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Russians in Prague

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  • Where: Václav Havel Library, Ostrovní 13, Prague 110 00
  • When: January 30, 2018, 19:00 – 21:00

On “Russian traces” in the Czech Republic in the past and nowadays.

Interwar Czechoslovakia was an important centre for the Russian émigré community, whose number included important scholars, literati and intellectuals. While Czechs celebrated the arrival of the Red Army in May 1945, for Russian (Ukrainian and Belarusian) exiles, who had in many cases become Czechoslovak citizens, the end of WWII spelled disaster: death, imprisonment, the Gulag. The situation was all the more painful given that speaking about their fates was barred because recalling the non-Communist “Russia outside Russia” had no place in the Soviet-Russian imperial narrative. Who were these Russians? How was Czech-Russian coexistence at that time? How does today’s Russia view its past? And what kind of Russians (East Europeans) live in Prague and the Czech Republic today? Are they enriching to us? Or are they a challenge or threat?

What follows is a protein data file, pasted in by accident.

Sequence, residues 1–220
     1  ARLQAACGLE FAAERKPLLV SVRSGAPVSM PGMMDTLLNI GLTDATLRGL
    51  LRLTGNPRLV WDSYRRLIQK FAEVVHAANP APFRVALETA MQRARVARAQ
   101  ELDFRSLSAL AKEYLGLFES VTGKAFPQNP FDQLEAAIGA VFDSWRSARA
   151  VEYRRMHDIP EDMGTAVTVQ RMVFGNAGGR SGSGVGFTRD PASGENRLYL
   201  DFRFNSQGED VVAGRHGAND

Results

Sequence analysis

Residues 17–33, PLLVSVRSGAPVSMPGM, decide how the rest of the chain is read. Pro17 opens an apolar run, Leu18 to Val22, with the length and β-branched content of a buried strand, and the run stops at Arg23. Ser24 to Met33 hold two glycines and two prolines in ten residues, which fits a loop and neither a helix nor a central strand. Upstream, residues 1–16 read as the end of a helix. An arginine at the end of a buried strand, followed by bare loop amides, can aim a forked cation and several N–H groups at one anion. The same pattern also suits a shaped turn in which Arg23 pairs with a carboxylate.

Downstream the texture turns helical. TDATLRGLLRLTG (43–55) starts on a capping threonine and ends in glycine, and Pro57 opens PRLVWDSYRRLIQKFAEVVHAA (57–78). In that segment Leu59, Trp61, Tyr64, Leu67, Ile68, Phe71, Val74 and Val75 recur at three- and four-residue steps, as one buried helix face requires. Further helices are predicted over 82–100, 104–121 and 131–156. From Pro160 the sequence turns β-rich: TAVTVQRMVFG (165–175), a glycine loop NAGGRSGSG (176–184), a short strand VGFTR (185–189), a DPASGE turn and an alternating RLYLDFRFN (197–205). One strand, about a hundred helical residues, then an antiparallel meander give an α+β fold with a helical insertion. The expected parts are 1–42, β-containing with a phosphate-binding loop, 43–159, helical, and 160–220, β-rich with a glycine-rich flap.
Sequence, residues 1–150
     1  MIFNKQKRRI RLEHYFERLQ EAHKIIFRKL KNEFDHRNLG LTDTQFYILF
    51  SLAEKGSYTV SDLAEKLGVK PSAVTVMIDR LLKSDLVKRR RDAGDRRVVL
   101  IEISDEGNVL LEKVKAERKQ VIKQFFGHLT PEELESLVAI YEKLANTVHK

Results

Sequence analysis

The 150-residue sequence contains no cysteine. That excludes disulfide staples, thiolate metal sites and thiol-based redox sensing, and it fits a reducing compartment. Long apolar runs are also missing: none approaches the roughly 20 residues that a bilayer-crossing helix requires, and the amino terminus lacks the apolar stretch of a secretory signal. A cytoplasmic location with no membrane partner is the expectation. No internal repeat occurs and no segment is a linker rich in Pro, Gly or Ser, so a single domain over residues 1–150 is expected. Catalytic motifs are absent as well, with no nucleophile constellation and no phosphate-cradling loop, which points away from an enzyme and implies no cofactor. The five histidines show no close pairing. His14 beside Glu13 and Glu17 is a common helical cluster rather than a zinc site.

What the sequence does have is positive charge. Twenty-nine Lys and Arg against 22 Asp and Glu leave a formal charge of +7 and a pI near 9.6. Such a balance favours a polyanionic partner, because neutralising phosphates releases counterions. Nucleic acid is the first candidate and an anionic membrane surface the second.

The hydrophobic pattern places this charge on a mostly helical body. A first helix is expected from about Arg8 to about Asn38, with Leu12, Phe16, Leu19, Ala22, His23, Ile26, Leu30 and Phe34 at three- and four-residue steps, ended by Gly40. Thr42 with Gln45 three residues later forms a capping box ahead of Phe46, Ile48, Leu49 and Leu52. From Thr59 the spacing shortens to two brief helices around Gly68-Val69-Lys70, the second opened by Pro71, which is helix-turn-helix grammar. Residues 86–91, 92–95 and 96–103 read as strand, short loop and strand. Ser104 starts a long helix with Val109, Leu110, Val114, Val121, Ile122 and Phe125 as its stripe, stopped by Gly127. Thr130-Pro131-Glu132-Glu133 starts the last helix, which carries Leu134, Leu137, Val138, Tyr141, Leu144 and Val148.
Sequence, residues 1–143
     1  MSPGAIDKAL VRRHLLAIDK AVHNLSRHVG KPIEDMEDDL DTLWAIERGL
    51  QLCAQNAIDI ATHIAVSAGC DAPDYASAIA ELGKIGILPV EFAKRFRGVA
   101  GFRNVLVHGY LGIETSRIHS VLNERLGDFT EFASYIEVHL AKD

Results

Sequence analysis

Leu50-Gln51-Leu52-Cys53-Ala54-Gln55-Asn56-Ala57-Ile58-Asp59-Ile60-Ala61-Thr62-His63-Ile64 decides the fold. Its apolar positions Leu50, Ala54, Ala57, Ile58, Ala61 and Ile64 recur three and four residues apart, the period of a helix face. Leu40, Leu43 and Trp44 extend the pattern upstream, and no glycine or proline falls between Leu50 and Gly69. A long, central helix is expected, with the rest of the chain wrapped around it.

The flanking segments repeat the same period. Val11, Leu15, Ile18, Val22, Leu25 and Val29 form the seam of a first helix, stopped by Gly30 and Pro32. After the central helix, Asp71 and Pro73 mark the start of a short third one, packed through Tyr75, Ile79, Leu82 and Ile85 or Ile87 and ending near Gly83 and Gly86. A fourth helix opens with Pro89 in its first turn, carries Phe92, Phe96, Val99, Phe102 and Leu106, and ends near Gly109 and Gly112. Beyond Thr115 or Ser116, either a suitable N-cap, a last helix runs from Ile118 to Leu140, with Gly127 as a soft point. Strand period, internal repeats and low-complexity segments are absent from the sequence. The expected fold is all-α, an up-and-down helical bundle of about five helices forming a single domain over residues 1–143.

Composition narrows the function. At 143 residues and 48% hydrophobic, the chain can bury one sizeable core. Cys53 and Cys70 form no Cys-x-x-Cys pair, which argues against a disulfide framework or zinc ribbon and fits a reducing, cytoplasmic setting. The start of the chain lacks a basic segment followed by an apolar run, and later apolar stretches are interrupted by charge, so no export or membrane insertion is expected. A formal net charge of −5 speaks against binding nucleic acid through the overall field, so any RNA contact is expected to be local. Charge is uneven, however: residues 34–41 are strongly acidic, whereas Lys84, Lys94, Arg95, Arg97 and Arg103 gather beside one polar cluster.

The spark for the debate is the new book Rusové v Praze. Ruští intelektuálové v meziválečném Československu (Russians in Prague: Russian Intellectuals in Interwar Czechoslovakia), which was published in 2017 by Vydavatelství FF UK. Taking part in the discussion of the transformations in the Russian presence in Prague and the Czech Republic will be Alexej Kelin, a member of the Czech government’s Council for National Minorities, journalist Ondřej Soukup and Slavic Studies specialist Mychajlo Fesenko.

Historian and philosopher Petr Hlaváček will moderate the debate.

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Letter to Gustáv Husák – samizdat essay

„The Czechs and Slovaks, like any other nation, harbour within themselves simultaneously the most disparate potentialities. We have had, still have, and will continue to have our heroes, and equally, our informers and traitors.“

Václav Havel:
Letter to Gustáv Husák – samizdat essay, April 8, 1975

Václav Havel’s Prague